I have mentioned in this space more times than one is reasonably allowed that in my youth in the early 1960's I listened to a local folk music radio program on Sunday nights. That program played, along with highlighting the then current up and coming folk revivalists like Bob Dylan and Dave Van Ronk, much American traditional music including things like the "Child Ballads". In short, music derived from parts of the "British" homeland. What I have not previously mentioned is that directly after that program I used to listen on that same radio station to the "Irish National Hour", a show devoted to all the old more traditional and unknown Irish ballads and songs. And, by the way, attempted to instill a respect for Irish culture, Irish heritage and the Irish struggle against the "bloody" British. (That struggle continues in one form or another today but that is a subject for another time.) Of course, today when every `progressive' radio station (or other technological format) has its obligatory "Keltic Twilight" programs we are inundated with music from the old country and this is no big deal but in those days it was another question.

All of this is by way of reviewing the music of the Irish Diaspora. Our Irish forebears had the `distinct' opportunity of following the British flag wherever it went, under one set of terms or another. And remember in those days the sun never set on that British Empire. So there are plenty of far-flung traditions to talk about. But, first comes the old country.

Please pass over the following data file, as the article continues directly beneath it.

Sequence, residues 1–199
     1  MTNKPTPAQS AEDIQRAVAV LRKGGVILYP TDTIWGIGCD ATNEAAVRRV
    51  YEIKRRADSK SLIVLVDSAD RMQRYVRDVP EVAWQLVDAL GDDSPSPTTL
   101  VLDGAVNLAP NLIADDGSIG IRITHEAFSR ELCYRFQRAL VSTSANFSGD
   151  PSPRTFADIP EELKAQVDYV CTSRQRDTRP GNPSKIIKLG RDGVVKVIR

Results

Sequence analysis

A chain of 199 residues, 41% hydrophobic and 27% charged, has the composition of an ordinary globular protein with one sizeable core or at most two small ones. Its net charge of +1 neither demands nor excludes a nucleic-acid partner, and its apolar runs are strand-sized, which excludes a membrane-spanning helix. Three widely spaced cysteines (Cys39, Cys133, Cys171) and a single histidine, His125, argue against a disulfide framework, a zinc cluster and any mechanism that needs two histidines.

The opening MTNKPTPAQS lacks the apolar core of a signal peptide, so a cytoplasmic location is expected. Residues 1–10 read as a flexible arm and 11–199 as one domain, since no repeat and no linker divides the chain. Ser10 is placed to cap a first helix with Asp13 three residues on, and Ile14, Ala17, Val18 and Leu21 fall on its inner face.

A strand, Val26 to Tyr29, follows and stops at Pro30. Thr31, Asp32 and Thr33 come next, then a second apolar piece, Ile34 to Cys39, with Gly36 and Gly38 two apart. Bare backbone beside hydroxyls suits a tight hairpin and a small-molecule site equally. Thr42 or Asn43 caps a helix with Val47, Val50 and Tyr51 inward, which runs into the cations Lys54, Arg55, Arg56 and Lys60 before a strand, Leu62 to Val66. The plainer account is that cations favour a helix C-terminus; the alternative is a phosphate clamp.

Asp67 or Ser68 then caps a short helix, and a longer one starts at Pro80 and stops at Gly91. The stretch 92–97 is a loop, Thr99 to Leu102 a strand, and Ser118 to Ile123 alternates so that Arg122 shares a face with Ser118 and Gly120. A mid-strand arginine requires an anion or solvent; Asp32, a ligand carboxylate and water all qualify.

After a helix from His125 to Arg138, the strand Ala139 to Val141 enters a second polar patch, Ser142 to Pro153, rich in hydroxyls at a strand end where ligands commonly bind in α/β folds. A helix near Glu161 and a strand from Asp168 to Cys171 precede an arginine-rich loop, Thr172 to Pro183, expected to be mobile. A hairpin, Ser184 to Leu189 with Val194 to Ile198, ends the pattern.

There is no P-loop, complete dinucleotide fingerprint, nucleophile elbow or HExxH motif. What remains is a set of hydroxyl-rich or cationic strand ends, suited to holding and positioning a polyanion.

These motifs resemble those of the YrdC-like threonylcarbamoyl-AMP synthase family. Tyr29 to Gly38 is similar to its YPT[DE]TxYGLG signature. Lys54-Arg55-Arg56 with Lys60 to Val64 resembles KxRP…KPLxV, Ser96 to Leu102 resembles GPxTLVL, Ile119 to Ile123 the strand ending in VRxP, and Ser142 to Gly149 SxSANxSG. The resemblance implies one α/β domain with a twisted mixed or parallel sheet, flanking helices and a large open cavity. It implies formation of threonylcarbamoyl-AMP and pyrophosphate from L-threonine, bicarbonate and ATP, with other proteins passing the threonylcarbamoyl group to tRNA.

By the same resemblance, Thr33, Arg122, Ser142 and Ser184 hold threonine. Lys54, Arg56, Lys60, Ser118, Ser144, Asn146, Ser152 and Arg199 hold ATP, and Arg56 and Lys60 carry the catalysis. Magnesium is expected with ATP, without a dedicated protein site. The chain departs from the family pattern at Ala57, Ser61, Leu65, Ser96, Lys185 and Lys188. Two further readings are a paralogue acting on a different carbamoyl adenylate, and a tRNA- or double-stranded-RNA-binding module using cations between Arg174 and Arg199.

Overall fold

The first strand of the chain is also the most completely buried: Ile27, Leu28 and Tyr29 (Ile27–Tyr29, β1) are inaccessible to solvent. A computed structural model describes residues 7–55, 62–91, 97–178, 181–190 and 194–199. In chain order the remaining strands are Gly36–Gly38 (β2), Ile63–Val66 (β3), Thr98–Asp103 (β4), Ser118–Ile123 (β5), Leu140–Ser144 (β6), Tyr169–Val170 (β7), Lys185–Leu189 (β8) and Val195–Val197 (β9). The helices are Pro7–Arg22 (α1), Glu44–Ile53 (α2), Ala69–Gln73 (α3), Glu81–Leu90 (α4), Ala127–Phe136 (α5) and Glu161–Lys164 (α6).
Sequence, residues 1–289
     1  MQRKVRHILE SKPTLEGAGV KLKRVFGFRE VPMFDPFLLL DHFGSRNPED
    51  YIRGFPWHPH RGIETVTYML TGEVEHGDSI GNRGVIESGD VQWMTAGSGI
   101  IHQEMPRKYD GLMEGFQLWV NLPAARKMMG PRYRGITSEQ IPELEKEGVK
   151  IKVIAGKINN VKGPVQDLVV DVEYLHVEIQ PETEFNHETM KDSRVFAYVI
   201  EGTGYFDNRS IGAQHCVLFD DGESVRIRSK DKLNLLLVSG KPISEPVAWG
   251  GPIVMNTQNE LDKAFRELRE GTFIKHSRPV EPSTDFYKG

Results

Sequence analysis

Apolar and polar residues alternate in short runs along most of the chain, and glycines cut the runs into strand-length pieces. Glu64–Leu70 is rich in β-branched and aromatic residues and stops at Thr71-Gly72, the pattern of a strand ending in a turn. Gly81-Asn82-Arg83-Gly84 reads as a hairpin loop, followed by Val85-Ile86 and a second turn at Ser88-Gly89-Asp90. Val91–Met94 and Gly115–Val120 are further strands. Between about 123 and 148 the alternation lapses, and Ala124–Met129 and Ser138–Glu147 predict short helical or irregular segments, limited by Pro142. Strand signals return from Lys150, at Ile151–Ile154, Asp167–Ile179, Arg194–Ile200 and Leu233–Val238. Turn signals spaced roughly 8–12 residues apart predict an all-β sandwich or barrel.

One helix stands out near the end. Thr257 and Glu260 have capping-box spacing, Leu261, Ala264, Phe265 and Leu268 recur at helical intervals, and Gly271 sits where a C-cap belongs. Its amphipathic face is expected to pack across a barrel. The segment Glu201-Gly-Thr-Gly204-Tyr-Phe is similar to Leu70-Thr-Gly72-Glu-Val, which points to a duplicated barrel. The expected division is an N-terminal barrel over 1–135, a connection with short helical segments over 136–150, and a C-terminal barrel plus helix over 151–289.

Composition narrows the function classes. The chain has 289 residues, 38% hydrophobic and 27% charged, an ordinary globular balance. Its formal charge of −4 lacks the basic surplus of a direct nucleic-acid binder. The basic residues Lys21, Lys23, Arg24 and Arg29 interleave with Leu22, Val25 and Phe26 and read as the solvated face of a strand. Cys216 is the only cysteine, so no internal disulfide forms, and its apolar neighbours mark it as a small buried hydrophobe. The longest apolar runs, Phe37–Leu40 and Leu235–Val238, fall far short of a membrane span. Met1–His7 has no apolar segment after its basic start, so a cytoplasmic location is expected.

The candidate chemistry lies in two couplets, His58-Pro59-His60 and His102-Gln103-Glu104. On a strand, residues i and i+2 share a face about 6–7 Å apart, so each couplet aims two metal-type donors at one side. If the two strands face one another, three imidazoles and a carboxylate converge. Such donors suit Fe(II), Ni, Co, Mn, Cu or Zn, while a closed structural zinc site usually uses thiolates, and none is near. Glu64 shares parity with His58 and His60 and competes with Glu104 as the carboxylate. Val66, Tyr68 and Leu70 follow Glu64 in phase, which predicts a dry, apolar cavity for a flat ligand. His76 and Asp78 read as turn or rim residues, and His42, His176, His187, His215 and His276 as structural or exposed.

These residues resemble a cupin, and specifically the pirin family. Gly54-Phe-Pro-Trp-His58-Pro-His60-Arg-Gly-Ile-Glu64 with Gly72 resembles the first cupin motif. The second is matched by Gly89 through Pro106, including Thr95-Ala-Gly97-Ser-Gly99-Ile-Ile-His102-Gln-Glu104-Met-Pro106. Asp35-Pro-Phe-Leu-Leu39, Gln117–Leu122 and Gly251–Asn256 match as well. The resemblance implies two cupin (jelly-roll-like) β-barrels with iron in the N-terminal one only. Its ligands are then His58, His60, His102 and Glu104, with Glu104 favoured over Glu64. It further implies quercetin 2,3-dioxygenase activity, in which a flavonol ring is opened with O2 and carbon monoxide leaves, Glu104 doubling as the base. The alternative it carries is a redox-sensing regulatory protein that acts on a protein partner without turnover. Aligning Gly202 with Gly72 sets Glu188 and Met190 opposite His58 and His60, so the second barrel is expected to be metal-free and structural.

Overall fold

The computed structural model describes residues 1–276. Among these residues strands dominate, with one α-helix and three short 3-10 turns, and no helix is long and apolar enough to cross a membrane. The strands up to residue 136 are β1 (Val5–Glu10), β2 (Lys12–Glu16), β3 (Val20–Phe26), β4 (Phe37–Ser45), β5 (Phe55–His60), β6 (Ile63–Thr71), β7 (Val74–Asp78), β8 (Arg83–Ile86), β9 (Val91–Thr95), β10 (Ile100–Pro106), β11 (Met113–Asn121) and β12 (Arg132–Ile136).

Read more ›
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Format: Audio CD
THE PREVIOUS REVIEWS ARE FROM THE FIRST EDITION, RELEASED IN 1999

World Music Network, 2009, RGNET 1226, 67 minutes
Bonus CD: Karan Casey "Ships in the Forest" (2008) - 46 minutes
This is the second edition from the Rough Guide to Irish Folk.
Digipack, with a informative booklet in English, French and Spanish.
Disc features music and travel text from Rough Guides.
There are many different styles from Irish music: lovely ballads by Patrick Street - "The Rich Irish Lady" (led by Andy Irvine on top form), Seamie O'Dowd - "Crooked Jack" and Robbie O'Connell - "The Flower of Kilkenny".
There are songs in gaelic: "Beauty Deas An Oileáin" sung by Julie Fowlis, "Pota Mór Fataí" sung by Róisín Elsafty and "Jimmy Mó Mhíle Stór" sung by Cara Dillon.
There are extraordinaire jigs and reels, played with passion and beauty, by wonderful musicians like Sharon Shannon (accordion), Catherine McEvoy (flute), Frankie Gavin (fiddle), Arty McGlynn and Graham Dunne (guitar).
Two highlights: the instrumental "Tripin'" with Martin Tourish (piano accordion) and Luke Ward (bouzouki) from the album CLAN RANNALD (2005) and the song "St Patrick Was A Gentleman" by the group Rattle The Boards from the album THE PARISH PLATFORM (2008), featuring guest vocalist comedian John Kenny.
Don't miss the party.
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Format: Audio CD
An anthology which attempts to introduce a listener to Irish music but fails to include The Chieftains, is akin to discussing Irish literature and failing to mention James Joyce. Most of these tracks are the new-age approach to celtic music which are not traditional. Irish music is my favourite music of all, and here are my recommendations:

Dolores Keane with John Faulkner - Sail Og Rua (simple, gorgeous minor-celtic harmonies that send shivers down your spine)
Dolores Keane - A Farewell to Erin (fantastic)
The Chieftains - Anything, start with Best Of or Greatest Hits
The Dubliners - The Best Of (my 2-cd set came from Holland through Amazon.com and it's fantastic
The Johnstons - Barley Corn (gorgeous husky female voices, great fiddle & guitar playing)
The Johnstons - Bitter Green (their version of Lord Thomas and Fair Ellender, in 3-part harmony, is one of the most haunting things I've ever heard)
Happy listening - slainte!